Scala is Not Java Glue
Scala is enjoying all the hype now and it definitely deserves it. The language runs on one of the most mature and battle-proof language VM, has a expressive and concise syntax, provides a pragmatic mix of object oriented programming and functional programming and has a company and an active community behind it.
Targeting at JVM is a smart move, that means all of the developers that write software running on JVM can start writing Scala. And it is widely agreed that Scala is much less verbose and easier to work with than Java. So lots of people start to use Scala in the existing Java code base, starting with tests or some self-contained components. I’ve been involved in some project like this for a few months and my experience is: Scala is not a good glue language for Java - it’s better when you write it from ground up.
One of the first problem is, although Scala can work with Java rather seamlessly, it can be verbose sometimes, diminishing some of the virtue. Collection conversion is a typical example. If the code is not structured well, you might have to do the conversion back and forth. Class and Type case is another potential trouble you have to deal with constantly. In comparison, Groovy provides real “seamless” integration with Java: you change the file extension of an existing Java code and it most likely will work (you might want to remove the semicolon). There are lots of syntax sugar that works with native Java collections.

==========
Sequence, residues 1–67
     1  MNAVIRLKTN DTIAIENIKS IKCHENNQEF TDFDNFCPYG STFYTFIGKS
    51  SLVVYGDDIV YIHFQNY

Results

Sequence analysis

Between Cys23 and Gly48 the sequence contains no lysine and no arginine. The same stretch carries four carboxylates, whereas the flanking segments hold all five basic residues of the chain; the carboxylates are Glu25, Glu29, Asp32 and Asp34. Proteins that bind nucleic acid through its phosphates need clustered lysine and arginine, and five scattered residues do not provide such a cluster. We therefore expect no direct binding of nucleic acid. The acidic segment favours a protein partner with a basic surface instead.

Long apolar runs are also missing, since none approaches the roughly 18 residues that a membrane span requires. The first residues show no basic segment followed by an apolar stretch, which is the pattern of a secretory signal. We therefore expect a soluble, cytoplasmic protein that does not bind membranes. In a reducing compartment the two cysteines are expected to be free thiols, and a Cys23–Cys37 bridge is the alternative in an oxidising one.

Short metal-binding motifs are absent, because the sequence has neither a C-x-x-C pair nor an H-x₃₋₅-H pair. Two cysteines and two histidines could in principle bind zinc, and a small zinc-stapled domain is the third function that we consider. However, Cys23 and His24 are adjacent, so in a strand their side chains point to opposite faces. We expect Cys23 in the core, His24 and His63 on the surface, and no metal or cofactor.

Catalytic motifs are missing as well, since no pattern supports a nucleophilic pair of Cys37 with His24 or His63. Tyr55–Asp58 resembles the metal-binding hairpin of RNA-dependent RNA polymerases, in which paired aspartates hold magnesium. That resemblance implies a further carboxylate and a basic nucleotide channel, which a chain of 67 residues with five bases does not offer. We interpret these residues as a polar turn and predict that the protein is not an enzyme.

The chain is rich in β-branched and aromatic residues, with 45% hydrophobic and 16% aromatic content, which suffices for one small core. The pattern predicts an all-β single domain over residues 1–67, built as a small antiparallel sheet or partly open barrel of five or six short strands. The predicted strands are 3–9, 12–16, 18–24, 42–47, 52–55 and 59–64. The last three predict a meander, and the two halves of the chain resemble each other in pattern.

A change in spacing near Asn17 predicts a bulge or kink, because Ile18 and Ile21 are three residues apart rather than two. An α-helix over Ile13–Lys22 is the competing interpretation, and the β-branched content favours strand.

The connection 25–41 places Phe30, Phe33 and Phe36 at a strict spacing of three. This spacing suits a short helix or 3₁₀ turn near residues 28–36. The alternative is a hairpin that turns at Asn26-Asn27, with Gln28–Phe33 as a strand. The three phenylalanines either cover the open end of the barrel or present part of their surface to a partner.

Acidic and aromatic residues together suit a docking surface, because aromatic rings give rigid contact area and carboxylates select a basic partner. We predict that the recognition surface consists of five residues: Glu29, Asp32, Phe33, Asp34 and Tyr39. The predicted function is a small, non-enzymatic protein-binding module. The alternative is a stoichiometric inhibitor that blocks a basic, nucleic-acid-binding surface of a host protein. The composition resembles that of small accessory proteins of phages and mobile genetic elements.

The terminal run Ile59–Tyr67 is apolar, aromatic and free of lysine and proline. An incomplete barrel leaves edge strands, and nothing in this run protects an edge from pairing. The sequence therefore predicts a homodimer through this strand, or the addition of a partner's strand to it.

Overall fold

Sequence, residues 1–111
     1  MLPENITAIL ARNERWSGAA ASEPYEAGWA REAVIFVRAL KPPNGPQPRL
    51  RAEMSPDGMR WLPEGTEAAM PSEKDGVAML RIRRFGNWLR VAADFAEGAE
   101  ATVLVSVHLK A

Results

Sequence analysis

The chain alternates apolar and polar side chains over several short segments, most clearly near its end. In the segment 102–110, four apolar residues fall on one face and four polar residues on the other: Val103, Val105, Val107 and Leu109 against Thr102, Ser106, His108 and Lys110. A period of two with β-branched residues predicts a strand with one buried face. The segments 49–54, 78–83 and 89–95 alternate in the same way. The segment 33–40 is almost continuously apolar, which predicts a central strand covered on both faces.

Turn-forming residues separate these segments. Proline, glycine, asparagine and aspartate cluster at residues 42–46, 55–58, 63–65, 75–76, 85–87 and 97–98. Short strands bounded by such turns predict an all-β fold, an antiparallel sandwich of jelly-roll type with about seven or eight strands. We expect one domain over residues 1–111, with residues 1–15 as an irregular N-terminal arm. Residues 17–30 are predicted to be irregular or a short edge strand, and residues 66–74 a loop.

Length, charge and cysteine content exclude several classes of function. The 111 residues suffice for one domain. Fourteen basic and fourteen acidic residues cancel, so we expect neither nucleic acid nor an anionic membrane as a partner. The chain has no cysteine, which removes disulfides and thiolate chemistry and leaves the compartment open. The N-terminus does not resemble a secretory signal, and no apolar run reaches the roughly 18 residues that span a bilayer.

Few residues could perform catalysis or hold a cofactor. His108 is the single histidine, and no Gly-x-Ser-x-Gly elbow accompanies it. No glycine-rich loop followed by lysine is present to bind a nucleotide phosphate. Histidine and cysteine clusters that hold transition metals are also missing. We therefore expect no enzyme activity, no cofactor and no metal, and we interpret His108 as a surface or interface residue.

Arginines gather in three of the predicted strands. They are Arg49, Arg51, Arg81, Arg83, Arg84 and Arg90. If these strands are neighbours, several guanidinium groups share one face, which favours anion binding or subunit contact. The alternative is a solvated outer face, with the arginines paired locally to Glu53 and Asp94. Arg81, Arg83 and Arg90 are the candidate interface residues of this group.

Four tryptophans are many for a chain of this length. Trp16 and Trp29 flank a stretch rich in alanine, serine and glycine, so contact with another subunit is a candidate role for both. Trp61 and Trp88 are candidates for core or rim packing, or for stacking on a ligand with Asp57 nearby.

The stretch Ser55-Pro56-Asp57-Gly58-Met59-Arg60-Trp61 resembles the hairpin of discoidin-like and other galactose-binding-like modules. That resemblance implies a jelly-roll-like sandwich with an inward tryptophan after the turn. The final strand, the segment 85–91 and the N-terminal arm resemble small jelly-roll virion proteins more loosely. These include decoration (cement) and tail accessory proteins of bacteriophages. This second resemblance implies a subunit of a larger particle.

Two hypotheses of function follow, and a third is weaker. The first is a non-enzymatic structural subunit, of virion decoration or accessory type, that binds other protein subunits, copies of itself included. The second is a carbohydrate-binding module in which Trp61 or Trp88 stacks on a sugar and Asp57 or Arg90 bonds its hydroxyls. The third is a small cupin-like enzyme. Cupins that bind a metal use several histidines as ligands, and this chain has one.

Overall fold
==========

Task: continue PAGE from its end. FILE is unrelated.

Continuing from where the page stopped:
Second problem is its learning curve. Scala is not easy to learn: the language has a huge feature set. It’s not Java + Syntax sugar - in fact, it can be quite different from Java. Getting Java developers to start working with Scala can take some time and become quite depressed. The potential complexity of Java and Scala interpolation makes things even worse. Xtend or Groovy seems much easier to learn for Java developers as they are more similar to Java and has a smaller language feature set.
Third problem is the IDE support. Scala’s IDE support is much less mature than Java. I personally quite like IntelliJ IDEA for Java. However, the Scala support is not yet very usable. Java development relies a lot on IDE, as a glue langauge, you would want a decent IDE support. IntelliJ IDEA’s basic language support for Scala is slow and incomplete, partially because of the complexity of the language. Sometimes I have to wait for a few seconds before IDE can understand the code. And the refactor support is broken. Typesafe provides a “official” Scala IDE plugin for Eclipse. I never use it but have heard similar complaint. Also, Scala related tools lack IDE support, like sbt, which is almost the Scala standard building tool. This makes it a difficult choice: you want sbt which is more suitable for Scala or Ant (Maven) which works better with your IDE?
To sum up, I am not saying Scala is bad. It’s just I don’t think Scala is a good choice for Java glue language. In fact, if you work on a pure Scala project, most of the problems above can be avoided. If you do need a glue langauge for Java, Groovy or Xtend might work better for you.
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